Sadly, Aquaman — the protector of the seas — still inexplicably tosses a glass bottle into the ocean like a litterbug prick.
Zack Snyder’s Justice League features additional sequences with Aquaman and The Flash outside of the immediate conflict and more conversations between them all, and it’s almost exclusively for the better, but it’s Cyborg who benefits most. He’s still brooding and extremely serious, but he has far more to contribute here with new interactions, refurbished scenes, and denser flashbacks enriching his character. It gives Fisher room to flex beyond Cyborg’s robotic nature, and like the other characters, his hero becomes more human in the process.
Not every problem with the original film is fixed, though, as an epic running time is far from a cure-all. While the film’s visual effects bolster the numerous action set-pieces, we’re far too often treated to some pretty abysmal CG and digital matte work. It’s been a problem across much of DC’s run and is fairly inexplicable given the budgets and the visual work accomplished by others elsewhere. Some of the iffy scenes here are from the first incarnation while others are newly added, but there’s really no excuse either way. From Lex Luthor (Jesse Eisenberg) standing in chest-high “water” to extended flashbacks of Earth’s previous war against Darkseid that look like a video game cutscene circa 1993, the inconsistent quality of effects here is enough to threaten whiplash.
While better visual effects were arguably in reach, the film’s other big problem occurred before the cameras even started rolling — either time — as the DCEU’s structure has been something of a mess for years. Lacking a singular guiding voice, the films rarely feel a part of the same universe, and without even the slightest bit of responsible planning means these characters just weren’t ready for their Avengers-like team-up.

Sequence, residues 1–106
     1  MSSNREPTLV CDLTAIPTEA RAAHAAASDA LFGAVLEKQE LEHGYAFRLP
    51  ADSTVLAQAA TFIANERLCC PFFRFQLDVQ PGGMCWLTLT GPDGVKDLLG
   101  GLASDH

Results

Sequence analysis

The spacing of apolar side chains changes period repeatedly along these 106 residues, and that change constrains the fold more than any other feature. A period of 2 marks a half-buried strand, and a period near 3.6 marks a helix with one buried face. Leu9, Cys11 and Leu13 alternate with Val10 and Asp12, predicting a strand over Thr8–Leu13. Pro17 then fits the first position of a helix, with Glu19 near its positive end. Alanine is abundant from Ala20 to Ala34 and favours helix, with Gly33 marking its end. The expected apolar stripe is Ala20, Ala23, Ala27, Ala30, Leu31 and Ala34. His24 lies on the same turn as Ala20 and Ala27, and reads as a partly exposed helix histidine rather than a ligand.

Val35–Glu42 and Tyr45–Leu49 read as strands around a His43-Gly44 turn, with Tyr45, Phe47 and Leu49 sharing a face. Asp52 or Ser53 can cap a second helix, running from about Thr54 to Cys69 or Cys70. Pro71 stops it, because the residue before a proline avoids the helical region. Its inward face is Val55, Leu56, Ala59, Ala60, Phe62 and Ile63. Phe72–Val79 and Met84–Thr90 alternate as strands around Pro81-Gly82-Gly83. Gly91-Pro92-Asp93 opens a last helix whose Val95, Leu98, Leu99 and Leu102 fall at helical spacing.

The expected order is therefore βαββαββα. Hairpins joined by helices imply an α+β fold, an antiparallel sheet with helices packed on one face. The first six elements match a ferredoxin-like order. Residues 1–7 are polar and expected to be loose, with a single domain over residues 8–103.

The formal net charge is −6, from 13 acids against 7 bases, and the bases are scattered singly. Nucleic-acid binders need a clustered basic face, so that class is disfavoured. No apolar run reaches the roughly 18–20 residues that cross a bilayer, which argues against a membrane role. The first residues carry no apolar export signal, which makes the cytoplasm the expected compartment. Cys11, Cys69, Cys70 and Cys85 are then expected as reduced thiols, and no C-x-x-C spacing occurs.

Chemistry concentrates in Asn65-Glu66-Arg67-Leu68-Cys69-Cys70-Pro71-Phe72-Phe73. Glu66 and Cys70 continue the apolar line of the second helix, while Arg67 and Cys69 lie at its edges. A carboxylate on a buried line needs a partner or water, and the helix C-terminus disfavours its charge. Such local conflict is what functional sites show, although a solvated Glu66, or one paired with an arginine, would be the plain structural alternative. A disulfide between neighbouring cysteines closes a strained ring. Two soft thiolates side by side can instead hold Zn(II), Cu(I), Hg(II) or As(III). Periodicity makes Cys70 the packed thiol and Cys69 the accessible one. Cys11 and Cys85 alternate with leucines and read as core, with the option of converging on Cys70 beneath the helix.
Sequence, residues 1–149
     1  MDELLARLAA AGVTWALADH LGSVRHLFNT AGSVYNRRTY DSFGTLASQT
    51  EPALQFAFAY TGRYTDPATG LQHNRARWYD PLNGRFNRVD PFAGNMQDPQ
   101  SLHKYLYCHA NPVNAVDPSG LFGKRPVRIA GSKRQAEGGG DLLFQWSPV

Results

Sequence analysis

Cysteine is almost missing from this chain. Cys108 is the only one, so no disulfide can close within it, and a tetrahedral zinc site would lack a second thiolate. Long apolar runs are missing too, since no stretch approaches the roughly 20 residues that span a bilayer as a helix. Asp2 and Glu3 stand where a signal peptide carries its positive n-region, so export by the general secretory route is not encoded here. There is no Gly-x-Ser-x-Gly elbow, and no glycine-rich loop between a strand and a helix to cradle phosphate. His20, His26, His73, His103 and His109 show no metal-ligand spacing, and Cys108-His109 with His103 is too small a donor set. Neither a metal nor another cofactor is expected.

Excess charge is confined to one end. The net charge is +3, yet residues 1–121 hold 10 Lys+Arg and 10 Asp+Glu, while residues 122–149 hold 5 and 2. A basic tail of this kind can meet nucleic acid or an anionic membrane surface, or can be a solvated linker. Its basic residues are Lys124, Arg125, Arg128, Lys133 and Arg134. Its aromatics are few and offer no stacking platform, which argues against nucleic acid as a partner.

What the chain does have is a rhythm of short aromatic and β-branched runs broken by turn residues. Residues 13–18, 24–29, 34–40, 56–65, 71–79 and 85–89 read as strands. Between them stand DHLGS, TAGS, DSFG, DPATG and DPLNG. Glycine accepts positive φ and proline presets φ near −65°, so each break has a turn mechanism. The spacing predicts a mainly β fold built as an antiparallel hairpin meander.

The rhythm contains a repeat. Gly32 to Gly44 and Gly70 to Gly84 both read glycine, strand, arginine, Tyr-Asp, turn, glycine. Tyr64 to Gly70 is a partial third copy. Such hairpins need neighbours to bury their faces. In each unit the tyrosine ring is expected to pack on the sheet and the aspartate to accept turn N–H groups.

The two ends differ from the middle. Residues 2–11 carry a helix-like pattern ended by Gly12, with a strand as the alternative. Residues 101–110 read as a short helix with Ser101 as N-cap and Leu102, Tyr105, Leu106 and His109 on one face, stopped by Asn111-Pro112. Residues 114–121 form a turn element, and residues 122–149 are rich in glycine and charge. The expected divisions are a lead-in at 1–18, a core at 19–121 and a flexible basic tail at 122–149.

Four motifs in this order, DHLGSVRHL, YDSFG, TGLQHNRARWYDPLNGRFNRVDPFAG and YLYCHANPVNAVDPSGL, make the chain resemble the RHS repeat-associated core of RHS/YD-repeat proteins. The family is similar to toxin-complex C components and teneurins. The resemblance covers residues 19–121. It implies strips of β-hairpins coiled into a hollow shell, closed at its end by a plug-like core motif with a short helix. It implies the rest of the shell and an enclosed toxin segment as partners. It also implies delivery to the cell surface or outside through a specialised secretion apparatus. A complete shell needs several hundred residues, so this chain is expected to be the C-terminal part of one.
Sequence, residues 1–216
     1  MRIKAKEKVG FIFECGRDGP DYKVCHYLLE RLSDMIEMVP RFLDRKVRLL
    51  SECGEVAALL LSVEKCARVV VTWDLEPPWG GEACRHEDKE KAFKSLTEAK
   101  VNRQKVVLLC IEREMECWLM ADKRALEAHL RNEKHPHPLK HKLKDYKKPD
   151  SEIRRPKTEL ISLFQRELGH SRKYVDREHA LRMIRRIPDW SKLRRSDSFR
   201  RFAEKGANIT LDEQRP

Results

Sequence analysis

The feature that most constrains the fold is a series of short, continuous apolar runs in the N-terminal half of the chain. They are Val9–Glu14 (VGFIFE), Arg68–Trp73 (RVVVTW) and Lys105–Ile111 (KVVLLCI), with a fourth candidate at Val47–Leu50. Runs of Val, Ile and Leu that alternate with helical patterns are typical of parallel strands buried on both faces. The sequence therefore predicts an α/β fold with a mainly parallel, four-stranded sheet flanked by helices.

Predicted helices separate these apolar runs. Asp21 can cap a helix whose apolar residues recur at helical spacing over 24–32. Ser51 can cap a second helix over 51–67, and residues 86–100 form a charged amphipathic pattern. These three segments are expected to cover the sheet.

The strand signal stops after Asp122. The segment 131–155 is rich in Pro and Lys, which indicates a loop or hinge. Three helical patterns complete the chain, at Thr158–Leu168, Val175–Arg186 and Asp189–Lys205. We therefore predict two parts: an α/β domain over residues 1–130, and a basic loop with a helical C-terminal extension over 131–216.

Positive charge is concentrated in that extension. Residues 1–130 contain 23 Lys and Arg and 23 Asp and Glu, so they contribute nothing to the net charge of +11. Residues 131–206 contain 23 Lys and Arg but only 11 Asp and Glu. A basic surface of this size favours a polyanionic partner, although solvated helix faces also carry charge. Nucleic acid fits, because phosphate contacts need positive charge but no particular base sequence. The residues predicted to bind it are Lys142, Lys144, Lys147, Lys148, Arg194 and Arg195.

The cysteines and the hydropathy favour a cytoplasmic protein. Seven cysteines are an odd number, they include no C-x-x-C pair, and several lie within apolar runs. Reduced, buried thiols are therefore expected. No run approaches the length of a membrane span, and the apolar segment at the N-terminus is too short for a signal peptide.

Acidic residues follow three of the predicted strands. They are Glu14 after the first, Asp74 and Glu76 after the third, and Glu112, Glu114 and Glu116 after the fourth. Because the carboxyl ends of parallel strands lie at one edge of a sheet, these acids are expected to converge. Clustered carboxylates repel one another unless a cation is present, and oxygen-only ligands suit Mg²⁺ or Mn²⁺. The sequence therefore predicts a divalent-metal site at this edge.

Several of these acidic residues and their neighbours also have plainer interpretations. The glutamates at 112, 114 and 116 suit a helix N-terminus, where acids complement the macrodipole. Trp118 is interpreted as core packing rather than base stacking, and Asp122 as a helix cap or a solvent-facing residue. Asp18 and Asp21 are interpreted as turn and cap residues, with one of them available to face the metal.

The theatrical release tried and failed to deliver that team-up even as it was also introducing a full half of the team, and it just didn’t have nearly enough time to do both. Zack Snyder’s Justice League gives these characters more room to breathe, which goes a long way towards strengthening and deepening their personalities, motivations, and purpose, but the shortage of cinematic history is still unavoidably damaging.
The big bad lacks the oppressive weight of a Thanos, as Darkseid has no real footprint in the DCEU beyond an inference in Batman v Superman: Dawn of Justice. That means the urgency here has to be created on the spot without those previous threads, and it doesn’t always work.
Pacing will inevitably be an issue for some viewers due to the running time, but Snyder keeps things moving through shifts in perspective and focus. Pieces fall naturally into place as varied elements and characters are strengthened, nurtured, and then brought successfully together for a third act that plays out across the film’s back half.
Junkie XL‘s score — replacing Danny Elfman’s from the original — is a rousing, ethereal mix of synth-fueled adrenaline and choral beauty alongside earlier Hans Zimmer tracks. And the ending? Well, no spoilers here, but hopefully we won’t have to dream about a follow-up for too long.
As always, viewer mileage will vary, but from DC fans to folks who love a good underdog success story — and the argument can be made that Snyder, the DCEU, and Justice League are all underdogs at this point — Zack Snyder’s Justice League is an entertaining, messy, and thrilling superhero epic. It’s a film about second chances at life, love, and finding your place in a world that doesn’t make things easy on you. Turns out we live in a society where, once in a rare while, the second time around truly is the charm.